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TP-Link Tapo P100 Mini Smart Wi-Fi Socket review: is the £9 smart plug smart enough?

Tapo P100 Mini Smart Wi-Fi Socket review
Power up: Tapo's smart plug is less than £10

Smart plugs are getting stupidly cheap, such as this £9 model from TP-Link. But does the TP-Link Tapo P100 Mini Smart Wi-Fi Socket do enough or should you spend a few quid more on a better model? Here’s our quick review of this budget smart plug.

TP-Link Tapo P100: The good bits

  • It’s easy to set up – Download TP-Link’s Tapo app (we’ll come back to this in a bit), plug the thing in, and everything is very simple from there. As it should be.
  • It works well with Alexa – if you want to yell at Alexa to switch your plug on and off, it’s a doddle to set this up too. Just ensure you’ve got the Tapo app for Android or iOS/iPadOS installed on your smartphone first. It’s compatible with Google Assistant too, although I haven’t tested that.
  • Scheduling is easy – Using the Tapo app, you can easily set up a schedule for your smart plug. I have mine plugged into a heater for my office, with a schedule to switch it on for half an hour before I start working every morning. That’s easy to set to weekdays only, too, so I don’t heat the office when it’s not in use. Timers can be set for sunrise and sunset if you’re plugging a light into the socket, which is very useful.
  • Remote switch on/off – it’s a fairly standard smart plug feature now, but if I leave home and forget to switch off the heater, I can do so remotely, from outside the home. Some early smart plugs only allowed you to control devices when you were also on the home Wi-Fi network.
  • It doesn’t cover adjacent sockets – the plug itself has a slender design, meaning it doesn’t obstruct adjacent sockets. You could easily put two of these plugs side-by-side in a double socket, for example.

TP-Link Tapo P100: The bad bits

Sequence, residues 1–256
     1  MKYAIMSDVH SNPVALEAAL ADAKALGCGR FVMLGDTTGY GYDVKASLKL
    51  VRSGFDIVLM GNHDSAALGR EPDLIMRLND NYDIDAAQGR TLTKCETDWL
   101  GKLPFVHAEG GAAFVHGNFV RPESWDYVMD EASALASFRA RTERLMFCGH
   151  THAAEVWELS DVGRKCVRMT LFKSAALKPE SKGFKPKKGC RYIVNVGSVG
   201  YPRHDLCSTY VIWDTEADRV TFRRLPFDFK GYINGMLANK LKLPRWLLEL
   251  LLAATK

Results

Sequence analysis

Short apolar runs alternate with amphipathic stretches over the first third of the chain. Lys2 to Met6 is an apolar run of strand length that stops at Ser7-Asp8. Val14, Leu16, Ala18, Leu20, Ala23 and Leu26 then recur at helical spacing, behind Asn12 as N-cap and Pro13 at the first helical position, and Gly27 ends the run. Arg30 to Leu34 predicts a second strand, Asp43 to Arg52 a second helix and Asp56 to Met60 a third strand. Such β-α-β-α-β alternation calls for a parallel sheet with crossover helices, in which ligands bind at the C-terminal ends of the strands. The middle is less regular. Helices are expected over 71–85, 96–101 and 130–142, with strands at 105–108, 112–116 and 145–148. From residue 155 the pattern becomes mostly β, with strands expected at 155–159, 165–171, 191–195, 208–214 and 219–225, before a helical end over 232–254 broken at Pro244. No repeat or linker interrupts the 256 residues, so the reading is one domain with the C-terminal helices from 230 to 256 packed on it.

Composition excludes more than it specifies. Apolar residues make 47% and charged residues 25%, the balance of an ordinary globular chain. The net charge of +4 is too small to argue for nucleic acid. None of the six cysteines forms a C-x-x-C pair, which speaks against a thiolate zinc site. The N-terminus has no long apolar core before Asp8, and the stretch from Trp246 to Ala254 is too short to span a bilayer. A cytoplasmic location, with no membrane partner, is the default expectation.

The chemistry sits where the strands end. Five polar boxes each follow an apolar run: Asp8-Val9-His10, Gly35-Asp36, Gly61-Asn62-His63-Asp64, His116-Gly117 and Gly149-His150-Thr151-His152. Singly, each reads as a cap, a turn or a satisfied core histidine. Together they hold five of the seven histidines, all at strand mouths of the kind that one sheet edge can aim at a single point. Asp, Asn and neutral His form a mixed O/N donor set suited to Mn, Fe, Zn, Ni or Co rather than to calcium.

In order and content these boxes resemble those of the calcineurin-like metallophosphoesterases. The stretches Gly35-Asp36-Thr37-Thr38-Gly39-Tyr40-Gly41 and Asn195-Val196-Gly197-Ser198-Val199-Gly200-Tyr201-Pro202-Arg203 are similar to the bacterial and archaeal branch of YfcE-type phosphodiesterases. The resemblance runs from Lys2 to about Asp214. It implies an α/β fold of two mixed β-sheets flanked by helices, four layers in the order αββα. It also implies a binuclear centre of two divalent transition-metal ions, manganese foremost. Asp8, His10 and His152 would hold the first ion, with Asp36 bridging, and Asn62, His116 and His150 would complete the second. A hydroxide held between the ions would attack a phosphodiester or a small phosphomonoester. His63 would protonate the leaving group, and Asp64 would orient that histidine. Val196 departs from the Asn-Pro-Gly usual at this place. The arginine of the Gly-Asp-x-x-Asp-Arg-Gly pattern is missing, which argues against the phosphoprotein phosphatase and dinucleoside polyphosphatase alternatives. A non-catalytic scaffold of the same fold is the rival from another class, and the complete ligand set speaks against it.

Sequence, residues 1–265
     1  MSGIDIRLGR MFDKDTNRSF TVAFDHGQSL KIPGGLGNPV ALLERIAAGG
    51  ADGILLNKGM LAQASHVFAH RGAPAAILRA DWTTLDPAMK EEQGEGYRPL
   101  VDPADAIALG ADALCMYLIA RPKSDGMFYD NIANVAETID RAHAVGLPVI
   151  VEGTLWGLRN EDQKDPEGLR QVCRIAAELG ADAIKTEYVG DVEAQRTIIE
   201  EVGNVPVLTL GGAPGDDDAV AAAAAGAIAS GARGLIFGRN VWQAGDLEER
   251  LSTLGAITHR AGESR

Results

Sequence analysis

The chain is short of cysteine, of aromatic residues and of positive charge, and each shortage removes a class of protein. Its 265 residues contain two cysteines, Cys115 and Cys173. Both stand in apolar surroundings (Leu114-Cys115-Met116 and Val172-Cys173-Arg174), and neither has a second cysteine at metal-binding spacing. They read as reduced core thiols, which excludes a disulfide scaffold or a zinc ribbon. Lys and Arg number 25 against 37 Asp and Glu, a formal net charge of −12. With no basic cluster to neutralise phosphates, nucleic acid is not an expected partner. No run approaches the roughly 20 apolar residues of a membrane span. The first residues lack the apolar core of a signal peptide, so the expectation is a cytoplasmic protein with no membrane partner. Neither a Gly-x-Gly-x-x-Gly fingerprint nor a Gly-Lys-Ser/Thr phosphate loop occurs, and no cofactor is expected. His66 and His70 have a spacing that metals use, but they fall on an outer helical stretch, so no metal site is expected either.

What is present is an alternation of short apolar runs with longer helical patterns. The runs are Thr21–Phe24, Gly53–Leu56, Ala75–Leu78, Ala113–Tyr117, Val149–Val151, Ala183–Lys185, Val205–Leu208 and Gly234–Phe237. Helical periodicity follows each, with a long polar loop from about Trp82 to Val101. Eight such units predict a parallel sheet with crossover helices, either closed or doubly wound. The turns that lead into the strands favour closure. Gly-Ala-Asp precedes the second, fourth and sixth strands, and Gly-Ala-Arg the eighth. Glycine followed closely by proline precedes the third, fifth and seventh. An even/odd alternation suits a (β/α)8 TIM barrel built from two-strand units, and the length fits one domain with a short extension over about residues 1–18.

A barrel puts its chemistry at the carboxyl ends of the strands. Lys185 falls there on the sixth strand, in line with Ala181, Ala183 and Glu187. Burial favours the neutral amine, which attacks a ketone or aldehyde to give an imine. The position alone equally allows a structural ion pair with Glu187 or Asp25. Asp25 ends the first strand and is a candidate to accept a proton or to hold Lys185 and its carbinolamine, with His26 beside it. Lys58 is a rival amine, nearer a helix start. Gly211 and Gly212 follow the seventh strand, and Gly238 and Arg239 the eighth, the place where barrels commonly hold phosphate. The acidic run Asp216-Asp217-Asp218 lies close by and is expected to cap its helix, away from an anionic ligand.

• Another bloody app – For reasons best known to itself, TP-Link’s recent range of smart plugs use an entirely different app to the ones it launched previously, which were powered by the Kasa app. So, if like me, you’ve previously invested in TP-Link smart plugs, you now have to use two apps to control them. The old Kasa devices don’t work in the Tapo app and vice versa. This is monumentally stupid, not smart.
  • No energy monitoring – this entry-level device doesn’t monitor the amount of energy plugged-in devices use, which is very handy in this day and age of electricity costing more than cocaine. If you want that, you’ll have to upgrade to the marginally more expensive Tapo P110 (£9.99 from Currys).
  • Dismal LED indicator – there is a tiny LED on the plug to show you at a glance if the device is powered on, but it’s ridiculously hard to see, because the LED is the size of a pinhole. You have to be almost directly in front of it and no more than six inches away to see the light, which largely defeats the object of such an indicator in the first place.

TP-Link Tapo P100 Mini Smart Wi-Fi Socket specs

  • Size: 72.5 x 51.5 x 30.6mm
  • Wi-Fi: 802.11/b/g/n 2.4GHz
  • Voltage: AC, 220-240V, 50/60Hz
  • Max load: 2,900W, 13A
TP-Link Tapo P100 Mini Smart Wi-Fi Socket
  • Features
  • Ease of use
  • Value for money


A compact smart plug that covers the basics, but it’s worth paying a little extra for energy monitoring



  • Simple set-up
  • Works well with voice assistants such as Alexa
  • Slender design doesn’t obstruct nearby plugs


  • Not compatible with previous TP-Link smart plugs
  • No energy monitoring
  • Tiny power LED that’s hard to see

About the author

Barry Collins

Barry has scribbled about tech for almost 20 years for The Sunday Times, PC Pro, WebUser, Which? and many others. He was once Deputy Editor of Mail Online and remains in therapy to this day. Email Barry at

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